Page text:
China seizes US underwater drone in South China Sea
A Chinese Navy warship has seized an underwater drone deployed by an American oceanographic vessel in international waters in the South China Sea, triggering a formal diplomatic protest from the United States and a demand for its return.
The incident took place on December 15 northwest of Subic Bay off the Philippines just as the USNS Bowditch, an oceanographic survey ship, was about to retrieve the unmanned, underwater vehicle (UUV).
“We call upon China to return our UUV immediately, and to comply with all of its obligations under international law,“ Pentagon spokesman Peter Cook said in the statement. The vehicle is an unclassified “ocean glider” system used around world to gather data on salinity, water temperature and sound speed.
The incident is the latest in a string of confrontations in the region, focusing renewed attention on the strained relations over China’s territorial claims in the South China Sea, an issue that President-elect Donald Trump will inherit when he takes office next month.
Trump, who campaigned on a promise to extract better terms for trade with China, already has provoked condemnation from Beijing for taking a phone call from Taiwan’s president and questioning the “One-China” policy for Taiwan and the mainland.
“At the very least this is the type of completely mundane sort of activity on the part of the United States or any other country operating freely in international waters that could lead to accidents or even potential conflict,” said Michael Fuchs, deputy assistant secretary of state for East Asian and Pacific Affairs from 2013 to 2016 and now a senior fellow at the Center for American Progress.
Senator Ben Cardin, the top Democrat on the Senate Foreign Relations Committee, issued a statement calling the incident “a remarkably brazen violation of international law.”
China claims more than 80 per cent of the South China Sea, where it has constructed artificial islands and built up its military presence. On Thursday, China confirmed a report that it had installed weapons on the islands it has developed in the sea, with a Defence Ministry statement describing the arms as a “slingshot” to fend off threats, according to the New York Times.
The Center for Strategic and International Studies in Washington said this week that “China appears to have built significant point-defence capabilities, in the form of large anti-aircraft guns and probably close-in weapons system” at each of its locations in the Spratly Islands.
The last major confrontation similar to Thursday’s happened in 2013, when a Chinese vessel cut in front of the USS Cowpens guided-missile cruiser from a distance of 100 yards, an incident that then-US Defense Secretary Chuck Hagel said was “irresponsible.” The two sides have since sought to improve communication and avoid such incidents.
While the US says its naval operations in the region are an exercise of the right to free passage in international waters, China calls the moves provocative and a challenge to its territorial claims. Other nations in the region claim parts of the same waters, a thriving fishing zone through which more than US$5 trillion of trade passes each year.
At the same time, the political balance on the issue may be changing. While the Philippines won a favourable ruling from an international arbitration court on its territorial dispute with China that was initiated by his predecessor, President Rodrigo Duterte said at a televised briefing in Davao City Friday that he would set aside that finding as he attempts to work with China.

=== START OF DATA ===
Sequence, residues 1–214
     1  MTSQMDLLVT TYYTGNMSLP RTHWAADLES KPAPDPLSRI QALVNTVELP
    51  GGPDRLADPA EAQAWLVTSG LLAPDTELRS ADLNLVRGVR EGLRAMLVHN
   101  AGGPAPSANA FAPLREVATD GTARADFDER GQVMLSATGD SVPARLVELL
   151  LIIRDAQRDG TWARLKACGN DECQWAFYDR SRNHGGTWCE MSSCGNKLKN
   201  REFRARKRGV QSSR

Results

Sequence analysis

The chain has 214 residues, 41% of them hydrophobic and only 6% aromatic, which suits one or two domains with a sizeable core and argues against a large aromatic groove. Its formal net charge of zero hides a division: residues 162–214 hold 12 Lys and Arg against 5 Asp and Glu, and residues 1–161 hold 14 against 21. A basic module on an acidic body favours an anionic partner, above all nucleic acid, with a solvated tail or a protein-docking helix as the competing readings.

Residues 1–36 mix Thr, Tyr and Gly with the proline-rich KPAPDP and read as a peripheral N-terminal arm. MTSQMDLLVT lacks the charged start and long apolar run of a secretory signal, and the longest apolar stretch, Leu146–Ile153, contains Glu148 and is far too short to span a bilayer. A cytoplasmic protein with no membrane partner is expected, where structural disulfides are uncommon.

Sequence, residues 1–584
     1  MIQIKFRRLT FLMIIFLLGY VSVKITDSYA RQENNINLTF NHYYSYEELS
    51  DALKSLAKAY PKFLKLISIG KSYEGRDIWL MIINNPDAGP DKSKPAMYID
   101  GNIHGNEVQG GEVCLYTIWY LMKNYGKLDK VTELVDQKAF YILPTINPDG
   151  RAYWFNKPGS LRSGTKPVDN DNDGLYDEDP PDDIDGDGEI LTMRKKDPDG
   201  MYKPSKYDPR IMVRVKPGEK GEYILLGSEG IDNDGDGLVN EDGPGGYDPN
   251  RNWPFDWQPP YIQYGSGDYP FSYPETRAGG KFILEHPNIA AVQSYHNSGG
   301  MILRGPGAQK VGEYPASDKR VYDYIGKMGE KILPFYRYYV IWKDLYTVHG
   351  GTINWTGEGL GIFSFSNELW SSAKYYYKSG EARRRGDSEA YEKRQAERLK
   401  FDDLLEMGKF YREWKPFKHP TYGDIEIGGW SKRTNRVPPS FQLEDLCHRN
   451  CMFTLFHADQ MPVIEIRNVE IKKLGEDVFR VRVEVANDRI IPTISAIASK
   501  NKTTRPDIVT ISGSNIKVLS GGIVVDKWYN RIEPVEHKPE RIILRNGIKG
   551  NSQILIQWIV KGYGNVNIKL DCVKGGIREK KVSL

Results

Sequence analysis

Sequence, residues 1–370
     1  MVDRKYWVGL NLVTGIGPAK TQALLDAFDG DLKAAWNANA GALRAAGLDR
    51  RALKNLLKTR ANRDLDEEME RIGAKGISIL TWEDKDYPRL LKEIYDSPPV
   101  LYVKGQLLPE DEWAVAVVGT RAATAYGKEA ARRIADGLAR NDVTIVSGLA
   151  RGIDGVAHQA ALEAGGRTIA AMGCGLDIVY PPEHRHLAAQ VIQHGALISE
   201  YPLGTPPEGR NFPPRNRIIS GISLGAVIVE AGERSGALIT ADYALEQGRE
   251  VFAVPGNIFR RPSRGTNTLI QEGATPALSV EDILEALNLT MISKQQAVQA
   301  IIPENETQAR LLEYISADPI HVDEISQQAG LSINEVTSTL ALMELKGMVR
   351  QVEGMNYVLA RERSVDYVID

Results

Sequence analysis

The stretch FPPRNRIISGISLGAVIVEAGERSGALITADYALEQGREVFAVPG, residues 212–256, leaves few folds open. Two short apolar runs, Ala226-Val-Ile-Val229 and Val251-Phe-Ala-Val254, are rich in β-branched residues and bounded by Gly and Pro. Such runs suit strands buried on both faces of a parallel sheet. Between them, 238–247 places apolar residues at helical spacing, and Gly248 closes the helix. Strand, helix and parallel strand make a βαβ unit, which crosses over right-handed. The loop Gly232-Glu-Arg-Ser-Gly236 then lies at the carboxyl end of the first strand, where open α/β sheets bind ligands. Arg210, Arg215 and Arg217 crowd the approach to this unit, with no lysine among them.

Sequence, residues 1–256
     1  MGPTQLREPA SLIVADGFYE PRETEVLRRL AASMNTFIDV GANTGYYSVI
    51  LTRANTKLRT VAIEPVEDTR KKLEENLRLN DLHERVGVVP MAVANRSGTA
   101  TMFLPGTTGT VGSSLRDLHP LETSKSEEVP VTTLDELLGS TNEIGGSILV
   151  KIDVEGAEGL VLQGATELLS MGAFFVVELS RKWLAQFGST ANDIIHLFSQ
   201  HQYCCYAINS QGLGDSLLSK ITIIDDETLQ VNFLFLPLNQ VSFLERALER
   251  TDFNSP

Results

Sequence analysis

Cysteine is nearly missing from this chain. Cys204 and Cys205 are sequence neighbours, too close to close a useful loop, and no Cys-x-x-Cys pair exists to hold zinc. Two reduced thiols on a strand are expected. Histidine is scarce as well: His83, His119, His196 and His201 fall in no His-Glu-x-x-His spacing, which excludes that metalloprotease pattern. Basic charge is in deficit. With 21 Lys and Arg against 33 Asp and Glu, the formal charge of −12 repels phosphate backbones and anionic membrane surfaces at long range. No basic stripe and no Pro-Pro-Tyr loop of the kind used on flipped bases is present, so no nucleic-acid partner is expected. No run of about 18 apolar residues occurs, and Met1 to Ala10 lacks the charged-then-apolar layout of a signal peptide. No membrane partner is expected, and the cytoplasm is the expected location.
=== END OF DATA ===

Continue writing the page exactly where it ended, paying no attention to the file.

In the incident on Thursday, a Chinese navy ship launched a small boat and retrieved the vehicle. The Navy ship, USNS Bowditch, made radio contact with the Chinese navy ship requesting the return of the vehicle, but the request was ignored, Cook said in the statement. He described the drone as a “sovereign immune vessel of the United States.”
The Chinese seizure will add to concerns about China’s growing military presence and aggressive posture in the disputed South China Sea, including its militarization of maritime outposts.
The seized underwater drone was part of an unclassified programme to collect oceanographic data, including salinity, temperature and clarity of the water, the official added.
Such data can help inform US military sonar data, since sound is affected by such factors.
The United States issued the formal demarche, as such protests are known, through diplomatic channels and included a demand that China immediately return the underwater drone.
The Chinese have acknowledged the demarche but not responded to it, the official added.
The Philippines, Brunei, Malaysia and Vietnam have competing claims in the South China Sea, which is laced with the world’s most heavily travelled international trade routes.
New satellite imagery made public Wednesday by a US-based think tank showed that China apparently has installed what appeared to be large anti-aircraft guns and close-in weapons systems on seven islets in the Spratly chain.
While the United States takes no position on sovereignty claims in the South China Sea, it has repeatedly stressed that all maritime claims must comply with international law.
The US military has conducted several “freedom of navigation” operations in which ships and planes have passed close to the sites Beijing claims.
Such missions have drawn howls of fury from China, which accuses Washington of provocation and increasing the risk of a military mishap.
Adding to the tension, Beijing is facing a new US president in Donald Trump, who has questioned longstanding US policy on Taiwan, called Beijing a currency manipulator and threatened Chinese imports with punitive tariffs.